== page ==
The gun control activists behind Saturday’s March for Our Lives rally enlisted the help of several voter registration organizations with the aim of getting people to vote in favor of limiting Americans’ Second Amendment rights.
HeadCount, a 501(c)3 and 4945(f) organization that bills itself as a nonpartisan group that “promotes participation in democracy” partnered with the March for Our Lives and registered nearly 5,000 voters at March for Our Lives rallies throughout the U.S. in 30 cities.
A post on the group’s Facebook page announced that the organization registered “4,800 new voters” in one day at the March for Our Lives.
HeadCount founder Andy Bernstein said that with the help of nearly 2,000 volunteers who canvassed at Saturday’s march, his organization registered more people to vote Saturday than any other day in its 15-year history.
“This is the first time we’ve ever done a march,” Bernstein told BuzzFeed News.
The voter registration numbers from HeadCount do not include online voter registration and the number of voters registered through other voter registration organizations, according to HeadCount spokesperson Aaron Ghitelman.
Although the organization mostly focused on registering voters at concerts and music events before the March for Our Lives, the father of one of the gun control student activists at Marjory Stoneman Douglas High School convinced the organization to partner with the anti-gun march.
Ghitelman told CNN that the father of Marjory Stoneman Douglas activist Cameron Kasky got in touch with the organization to get the group to register voters at the March for Our Lives.
Ghitelman told Breitbart News that HeadCount decided to show up at the march because when there is such a “groundswell of energy that people ask us to come [to their event], we show up.”
After the march, the organization announced that it would focus on getting high school students registered to vote. On Sunday, HeadCount released a guide on how to conduct school and community voter registration drives.
HeadCount’s canvassers were not the only ones registering people to vote at the rallies.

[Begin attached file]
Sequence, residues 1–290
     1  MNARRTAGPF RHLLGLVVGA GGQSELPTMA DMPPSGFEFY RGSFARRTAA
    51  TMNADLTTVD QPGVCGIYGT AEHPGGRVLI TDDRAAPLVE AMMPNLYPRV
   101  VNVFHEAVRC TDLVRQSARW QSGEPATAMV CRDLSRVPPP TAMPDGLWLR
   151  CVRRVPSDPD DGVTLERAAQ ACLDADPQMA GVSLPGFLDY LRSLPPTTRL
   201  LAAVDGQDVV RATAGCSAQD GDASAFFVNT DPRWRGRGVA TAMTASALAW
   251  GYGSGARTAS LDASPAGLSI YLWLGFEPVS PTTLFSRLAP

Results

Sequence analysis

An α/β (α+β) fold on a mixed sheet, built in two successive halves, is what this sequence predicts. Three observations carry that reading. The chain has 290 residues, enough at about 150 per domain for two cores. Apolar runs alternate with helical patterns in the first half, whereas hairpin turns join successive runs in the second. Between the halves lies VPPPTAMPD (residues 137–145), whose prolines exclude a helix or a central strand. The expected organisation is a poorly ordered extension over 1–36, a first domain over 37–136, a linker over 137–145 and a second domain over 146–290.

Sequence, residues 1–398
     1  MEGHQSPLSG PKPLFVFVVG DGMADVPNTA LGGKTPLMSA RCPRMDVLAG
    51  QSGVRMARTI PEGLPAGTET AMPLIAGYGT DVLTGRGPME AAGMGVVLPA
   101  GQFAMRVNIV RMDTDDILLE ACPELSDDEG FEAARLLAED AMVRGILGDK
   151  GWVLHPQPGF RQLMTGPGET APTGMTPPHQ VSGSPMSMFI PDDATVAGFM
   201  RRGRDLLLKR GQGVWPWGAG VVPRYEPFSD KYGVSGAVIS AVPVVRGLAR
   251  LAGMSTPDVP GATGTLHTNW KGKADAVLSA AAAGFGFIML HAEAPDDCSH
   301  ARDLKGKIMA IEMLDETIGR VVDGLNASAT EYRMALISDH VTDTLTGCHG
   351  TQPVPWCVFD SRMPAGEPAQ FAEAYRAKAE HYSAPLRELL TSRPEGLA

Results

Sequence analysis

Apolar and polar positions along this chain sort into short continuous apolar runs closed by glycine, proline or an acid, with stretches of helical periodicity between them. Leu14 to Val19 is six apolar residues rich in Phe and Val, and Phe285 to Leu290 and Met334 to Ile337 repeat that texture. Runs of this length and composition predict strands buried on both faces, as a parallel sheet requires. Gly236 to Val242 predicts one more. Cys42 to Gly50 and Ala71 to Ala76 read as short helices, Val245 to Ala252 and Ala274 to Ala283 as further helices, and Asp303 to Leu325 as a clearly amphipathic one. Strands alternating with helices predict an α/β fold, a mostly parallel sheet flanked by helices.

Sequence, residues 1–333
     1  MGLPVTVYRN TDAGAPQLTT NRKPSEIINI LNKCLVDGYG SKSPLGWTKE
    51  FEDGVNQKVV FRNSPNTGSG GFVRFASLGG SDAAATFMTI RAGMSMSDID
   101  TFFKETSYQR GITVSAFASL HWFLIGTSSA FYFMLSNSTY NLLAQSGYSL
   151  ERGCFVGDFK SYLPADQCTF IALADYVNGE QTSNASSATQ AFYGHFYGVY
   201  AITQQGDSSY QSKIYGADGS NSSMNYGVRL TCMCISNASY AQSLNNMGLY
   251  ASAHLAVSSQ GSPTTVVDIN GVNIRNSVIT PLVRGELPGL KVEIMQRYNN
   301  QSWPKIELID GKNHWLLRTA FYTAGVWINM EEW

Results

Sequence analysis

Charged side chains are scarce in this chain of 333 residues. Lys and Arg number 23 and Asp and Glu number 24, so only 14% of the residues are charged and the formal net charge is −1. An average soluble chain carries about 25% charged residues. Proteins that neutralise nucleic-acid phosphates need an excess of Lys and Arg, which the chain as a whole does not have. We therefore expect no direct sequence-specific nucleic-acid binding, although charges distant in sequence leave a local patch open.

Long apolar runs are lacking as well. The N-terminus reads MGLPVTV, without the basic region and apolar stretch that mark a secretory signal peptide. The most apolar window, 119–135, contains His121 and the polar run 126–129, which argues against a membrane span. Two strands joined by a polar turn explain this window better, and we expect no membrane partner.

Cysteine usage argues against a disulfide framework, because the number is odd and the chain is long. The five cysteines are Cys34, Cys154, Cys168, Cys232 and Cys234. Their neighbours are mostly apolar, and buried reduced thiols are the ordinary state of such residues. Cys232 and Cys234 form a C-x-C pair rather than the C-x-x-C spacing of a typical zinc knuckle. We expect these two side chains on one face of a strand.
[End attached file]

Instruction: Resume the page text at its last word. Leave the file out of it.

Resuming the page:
The groups, as well as the official March for Our Lives event, also promoted online voter registration.
The “DIY Voter Registration” page encourages community organizers to start their own voter registration drives and makes any organizer who agrees to do a voter registration drive to affirm that they would report the results of their registration drives to the March for Our Lives through a survey. It is unclear whether march organizers will release the results of the registration drive surveys to the public.
The “Register to Vote” page encourages prospective voters to enter their email address and zip code to see if their state offers online voter registration that can be completed in less than two minutes.
The gun control-supporting students behind the march say that they hope these get-out-the-vote efforts directly impact turnout in future elections.
“With this movement, we will ensure record-breaking turnout not just in the next presidential election, not in the next midterm election, but in all elections,” Marjory Stoneman Douglas student Sari Kaufman told a crowd at a Saturday rally in Parkland, according to Reuters. “We’re here today to give you the tools to make a change.”
Second Amendment supporters say they are taking these get-out-the-vote efforts backed by these gun control groups seriously, especially as the upcoming 2018 midterm elections draw closer.
Erich Pratt, executive director of Gun Owners of America, told Breitbart News that people who are pro-gun and supporters of the Constitution “need to get active” and “make sure that [friends and relatives] are registered to vote.”